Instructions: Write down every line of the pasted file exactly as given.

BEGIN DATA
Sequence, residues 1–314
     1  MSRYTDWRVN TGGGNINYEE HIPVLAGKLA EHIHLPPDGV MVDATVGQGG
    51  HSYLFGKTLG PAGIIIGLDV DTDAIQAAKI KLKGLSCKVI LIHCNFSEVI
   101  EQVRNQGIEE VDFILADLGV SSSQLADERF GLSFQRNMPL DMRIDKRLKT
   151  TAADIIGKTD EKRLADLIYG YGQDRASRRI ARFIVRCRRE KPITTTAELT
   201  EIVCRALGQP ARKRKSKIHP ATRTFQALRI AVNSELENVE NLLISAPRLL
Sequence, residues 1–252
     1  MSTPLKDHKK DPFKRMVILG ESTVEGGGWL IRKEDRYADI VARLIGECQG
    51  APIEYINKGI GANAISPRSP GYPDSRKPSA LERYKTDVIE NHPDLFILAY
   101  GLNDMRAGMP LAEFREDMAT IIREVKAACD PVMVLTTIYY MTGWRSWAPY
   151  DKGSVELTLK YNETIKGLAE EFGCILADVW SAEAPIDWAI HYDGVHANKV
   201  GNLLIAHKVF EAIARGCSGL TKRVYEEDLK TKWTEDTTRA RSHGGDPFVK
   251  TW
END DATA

Sequence, residues 1–314
     1  MSRYTDWRVN TGGGNINYEE HIPVLAGKLA EHIHLPPDGV MVDATVGQGG
    51  HSYLFGKTLG PAGIIIGLDV DTDAIQAAKI KLKGLSCKVI LIHCNFSEVI
   101  EQVRNQGIEE VDFILADLGV SSSQLADERF GLSFQRNMPL DMRIDKRLKT
   151  TAADIIGKTD EKRLADLIYG YGQDRASRRI ARFIVRCRRE KPITTTAELT
   201  EIVCRALGQP ARKRKSKIHP ATRTFQALRI AVNSELENVE NLLISAPRLL
Sequence, residues 1–252
     1  MSTPLKDHKK DPFKRMVILG ESTVEGGGWL IRKEDRYADI VARLIGECQG
    51  APIEYINKGI GANAISPRSP GYPDSRKPSA LERYKTDVIE NHPDLFILAY
   101  GLNDMRAGMP LAEFREDMAT IIREVKAACD PVMVLTTIYY MTGWRSWAPY
   151  DKGSVELTLK YNETIKGLAE EFGCILADVW SAEAPIDWAI HYDGVHANKV
   201  GNLLIAHKVF EAIARGCSGL TKRVYEEDLK TKWTEDTTRA RSHGGDPFVK
   251  TW